Next stop was the Wedge Shack Town – The beach shacks were built on Crown land about 160 kms north of Perth between the 1950s and 1980s by fishermen and farmers. The small coastal communities of Wedge Island and Grey, 15 kms north of Wedge, are home to about 350 holiday beach shacks on unvested land that do not have running water or electricity. It is amazing that they have been allowed to stay as they are effectively squatters on Crown land.

We had intended to drive on the beach between Wedge and Grey but as usual as our luck would have it the tide was too high so we had to go back the same way.

Next stop Cervantes for lunch. A quick lunch at the Lobster Shack with about 100 other diners. 50% of these were Asian tourists, they obviously have many Chinese visitors as they not only sell Lobster chips and coleslaw, the other option is Lobster and fried rice. The lobster was quite nice but as usual overpriced for what it was. Also in Cervantes we went to Thirsty Point, Hansen Bay and Lake Thetis where we saw stromatalites.

Moving on from there we headed to Jurien Bay stopping at Molah Point Lookout. We went for a bike ride to the harbour which went right along the beach. There is also a snorkelling trail but we decided it was too windy for this activity today.

From Jurien Bay we decided to leave off the last item on our list for today which was a bushwalk at Mt Lesueur to ensure we arrived at our campsite before dark. This is very unusual for us but we are trying to slow down a bit this trip.

Our last stop for today is Sandy Cape Jurien Bay. A beautiful Recreation Park and campground. This is very informal and only has drop toilets and no showers but is right on the beach. We are hoping to have a snorkel in the morning if the wind drops off and it is a nice day.

Woohoo!! We are getting so good. I have finished the blog and it is only 9.11pm. YAY ME!!!

Karrinyup to Nambung via New Norcia WA

Wednesday 25th April 2018
Well we are on our way finally for the next part of our adventure. With our radiator fixed we are hoping that will be our only car trouble. Fingers crossed, maybe our toes as well.

Where to now. We decided to head to New Norcia (a monastery town) as our first point of interest. We went via the Swan Valley which most people would visit a couple of wineries but instead we went for nougat and gelato. No surprises there I am sure.

We arrived at New Norcia just in time for the town tour which was very interesting.

New Norcia is Australia’s only monastic town. Founded in 1847 by Spanish Benedictine Monks, the town has had many purposes; a mission, a monastery, a provider of education and now as a place of spiritual retreat.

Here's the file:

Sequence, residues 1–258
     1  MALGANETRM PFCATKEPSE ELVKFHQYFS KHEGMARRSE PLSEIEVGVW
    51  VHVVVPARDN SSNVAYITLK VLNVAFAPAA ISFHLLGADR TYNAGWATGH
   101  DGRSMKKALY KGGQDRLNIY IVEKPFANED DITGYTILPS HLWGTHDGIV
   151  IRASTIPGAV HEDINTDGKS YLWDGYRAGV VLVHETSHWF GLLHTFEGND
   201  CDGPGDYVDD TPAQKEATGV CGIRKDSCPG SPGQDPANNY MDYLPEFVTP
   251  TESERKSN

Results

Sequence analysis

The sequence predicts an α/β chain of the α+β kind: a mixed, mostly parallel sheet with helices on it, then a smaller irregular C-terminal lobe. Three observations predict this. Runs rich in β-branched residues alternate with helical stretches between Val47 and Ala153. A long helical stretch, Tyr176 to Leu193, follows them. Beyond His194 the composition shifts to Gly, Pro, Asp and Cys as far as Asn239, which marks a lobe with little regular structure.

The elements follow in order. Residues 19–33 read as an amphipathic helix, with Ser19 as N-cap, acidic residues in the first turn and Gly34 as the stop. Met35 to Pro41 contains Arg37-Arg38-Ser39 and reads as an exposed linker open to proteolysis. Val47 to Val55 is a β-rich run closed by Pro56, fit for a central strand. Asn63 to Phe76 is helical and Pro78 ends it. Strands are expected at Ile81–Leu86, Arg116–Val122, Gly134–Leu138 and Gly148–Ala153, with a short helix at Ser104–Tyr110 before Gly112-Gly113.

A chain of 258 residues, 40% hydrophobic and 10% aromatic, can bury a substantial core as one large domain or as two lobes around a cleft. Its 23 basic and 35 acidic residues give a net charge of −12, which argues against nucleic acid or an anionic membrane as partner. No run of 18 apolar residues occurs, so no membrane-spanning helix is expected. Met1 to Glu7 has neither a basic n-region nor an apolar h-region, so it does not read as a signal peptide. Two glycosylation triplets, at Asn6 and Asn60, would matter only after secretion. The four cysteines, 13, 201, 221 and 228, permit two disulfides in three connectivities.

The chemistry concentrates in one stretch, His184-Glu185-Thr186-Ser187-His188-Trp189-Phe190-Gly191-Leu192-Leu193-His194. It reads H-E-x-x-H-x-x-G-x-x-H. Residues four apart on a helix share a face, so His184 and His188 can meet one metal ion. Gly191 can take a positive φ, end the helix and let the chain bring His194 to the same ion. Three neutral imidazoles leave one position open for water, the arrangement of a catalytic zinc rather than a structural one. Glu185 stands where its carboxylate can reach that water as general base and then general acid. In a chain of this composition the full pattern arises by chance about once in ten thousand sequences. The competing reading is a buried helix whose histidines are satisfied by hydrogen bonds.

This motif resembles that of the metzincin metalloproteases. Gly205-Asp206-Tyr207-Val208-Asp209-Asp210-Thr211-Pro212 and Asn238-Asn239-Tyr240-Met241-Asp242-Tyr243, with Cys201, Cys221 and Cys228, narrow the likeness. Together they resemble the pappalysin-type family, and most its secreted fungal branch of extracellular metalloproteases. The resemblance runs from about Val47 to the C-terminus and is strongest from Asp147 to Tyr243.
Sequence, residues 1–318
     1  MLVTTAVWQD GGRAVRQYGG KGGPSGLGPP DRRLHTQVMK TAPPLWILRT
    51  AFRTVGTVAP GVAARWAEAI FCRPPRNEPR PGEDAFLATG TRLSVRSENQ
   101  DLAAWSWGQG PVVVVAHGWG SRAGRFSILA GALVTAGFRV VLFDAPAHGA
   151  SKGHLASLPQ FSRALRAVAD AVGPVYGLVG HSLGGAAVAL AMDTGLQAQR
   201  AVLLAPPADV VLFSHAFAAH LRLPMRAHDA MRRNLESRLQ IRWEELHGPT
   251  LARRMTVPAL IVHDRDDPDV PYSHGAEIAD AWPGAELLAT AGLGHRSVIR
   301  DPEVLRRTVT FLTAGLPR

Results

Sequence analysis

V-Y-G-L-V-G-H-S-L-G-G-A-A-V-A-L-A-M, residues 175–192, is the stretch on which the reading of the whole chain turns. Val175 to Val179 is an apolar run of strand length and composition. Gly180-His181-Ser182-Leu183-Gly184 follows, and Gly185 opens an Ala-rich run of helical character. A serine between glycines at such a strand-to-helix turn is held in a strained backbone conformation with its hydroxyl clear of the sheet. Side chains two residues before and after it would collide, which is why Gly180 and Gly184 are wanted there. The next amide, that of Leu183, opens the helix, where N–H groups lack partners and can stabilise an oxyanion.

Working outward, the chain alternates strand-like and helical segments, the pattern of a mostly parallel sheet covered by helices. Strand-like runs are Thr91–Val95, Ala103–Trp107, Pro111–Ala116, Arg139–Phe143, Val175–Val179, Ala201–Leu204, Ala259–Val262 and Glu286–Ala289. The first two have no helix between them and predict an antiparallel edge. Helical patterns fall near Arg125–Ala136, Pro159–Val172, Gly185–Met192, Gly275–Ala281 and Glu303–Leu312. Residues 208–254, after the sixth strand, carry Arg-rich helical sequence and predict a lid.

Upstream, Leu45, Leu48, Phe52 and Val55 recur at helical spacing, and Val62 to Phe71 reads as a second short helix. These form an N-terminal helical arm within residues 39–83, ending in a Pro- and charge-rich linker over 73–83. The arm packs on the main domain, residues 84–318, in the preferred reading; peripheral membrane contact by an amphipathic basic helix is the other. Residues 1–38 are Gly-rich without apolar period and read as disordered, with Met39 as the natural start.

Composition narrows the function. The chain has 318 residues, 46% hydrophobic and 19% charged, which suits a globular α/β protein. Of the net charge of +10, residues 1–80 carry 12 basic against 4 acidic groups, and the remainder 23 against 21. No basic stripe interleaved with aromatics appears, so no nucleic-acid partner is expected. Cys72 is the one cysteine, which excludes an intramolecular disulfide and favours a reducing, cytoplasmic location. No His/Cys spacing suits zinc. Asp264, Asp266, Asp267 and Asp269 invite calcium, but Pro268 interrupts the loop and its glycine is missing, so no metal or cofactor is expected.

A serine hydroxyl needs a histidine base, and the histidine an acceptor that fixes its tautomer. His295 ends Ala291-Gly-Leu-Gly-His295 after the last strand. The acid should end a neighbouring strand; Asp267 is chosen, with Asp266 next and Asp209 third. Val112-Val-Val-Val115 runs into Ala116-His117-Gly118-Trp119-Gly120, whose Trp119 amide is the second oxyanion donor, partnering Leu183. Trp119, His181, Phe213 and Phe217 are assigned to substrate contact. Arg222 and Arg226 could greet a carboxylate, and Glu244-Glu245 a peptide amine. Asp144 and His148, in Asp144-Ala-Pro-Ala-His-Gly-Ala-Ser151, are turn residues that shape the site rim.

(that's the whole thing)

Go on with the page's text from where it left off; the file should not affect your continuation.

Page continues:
The Monastery, where the monks live, work and pray, is at the heart of New Norcia. The monks of New Norcia live according to the guidance and rhythms of The Rule of St Benedict, which has been followed by monks since the sixth century AD. Monks who do so are referred to as ‘Benedictines’. Unlike many priests and nuns, monks do not join an ‘order’ as such, but instead join an autonomous monastery where they promise to remain for the rest of their lives.

After our tour of the grounds and buildings of New Norcia we headed for the Pinnacles. Hoping to arrive for sunset. As usual we were chasing our tails. Sunset today 5.45pm and our ETA was 5.48. Another surprise. Hehehe!!

With a short cut on a dirt road we managed to reduce this time to 5.20pm and headed to Nambung Station Stay to book our home for the night and then quickly to where Google said there was a Pinnacles lookout. WRONG!! It was private property and we were advised we couldn’t see the Pinnacles from here and had to travel an hour towards Cevantes to see them. Oh well we get a sleep in tomorrow instead of a dawn visit to the Pinnacles.

Nambung Station is a working sheep and cattle station and the caravan park is our home for tonight. Unfortunately the owner is away as he is known to do his own Pinnacles tour to unseen Pinnacles at the edge of his property. Oh well, looks like we have to join the tourists at the well known Pinnacles site.


Karrinyup WA

Monday 23rd April and Tuesday 24th April 2018
Well, we will spend the next couple of days organising ourselves for the next part of our journey. We packed up our little villa and set off to buy a few staples and then decide where to next. Unfortunately but luckily DB noticed a water leak in the car’s radiator so we will now be spending the next day or two getting that sorted. We will stay at Karrinyup Resort Park again so we are close to the city.

Well I spent today (Tuesday) by the lake in the caravan park, resting and reading my book whilst David took the car to have the radiator checked. Alas, a new one is required. Luckily they can do it today as tomorrow is Anzac Day. Five hours and $850 later we will now be able to resume our adventure tomorrow.

Fremantle WA

Sunday 22nd April 2018
Well we ended up with a free day today as they rushed through the carnival as the seas were supposed to reach 8-9 foot today with howling winds. A good decision as it was a yucky day and the waves were a lot bigger. So now we have an unexpected lay day.